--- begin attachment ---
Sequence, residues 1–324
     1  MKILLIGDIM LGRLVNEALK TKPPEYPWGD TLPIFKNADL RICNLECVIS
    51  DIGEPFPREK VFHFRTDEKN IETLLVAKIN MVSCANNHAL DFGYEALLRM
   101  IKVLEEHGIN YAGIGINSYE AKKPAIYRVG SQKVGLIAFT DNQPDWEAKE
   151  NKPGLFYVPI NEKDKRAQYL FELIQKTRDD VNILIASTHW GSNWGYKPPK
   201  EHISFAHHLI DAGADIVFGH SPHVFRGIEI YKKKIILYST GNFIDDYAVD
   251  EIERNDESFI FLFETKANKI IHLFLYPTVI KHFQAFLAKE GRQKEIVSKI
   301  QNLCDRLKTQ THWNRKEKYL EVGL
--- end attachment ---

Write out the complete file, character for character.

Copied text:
Sequence, residues 1–324
     1  MKILLIGDIM LGRLVNEALK TKPPEYPWGD TLPIFKNADL RICNLECVIS
    51  DIGEPFPREK VFHFRTDEKN IETLLVAKIN MVSCANNHAL DFGYEALLRM
   101  IKVLEEHGIN YAGIGINSYE AKKPAIYRVG SQKVGLIAFT DNQPDWEAKE
   151  NKPGLFYVPI NEKDKRAQYL FELIQKTRDD VNILIASTHW GSNWGYKPPK
   201  EHISFAHHLI DAGADIVFGH SPHVFRGIEI YKKKIILYST GNFIDDYAVD
   251  EIERNDESFI FLFETKANKI IHLFLYPTVI KHFQAFLAKE GRQKEIVSKI
   301  QNLCDRLKTQ THWNRKEKYL EVGL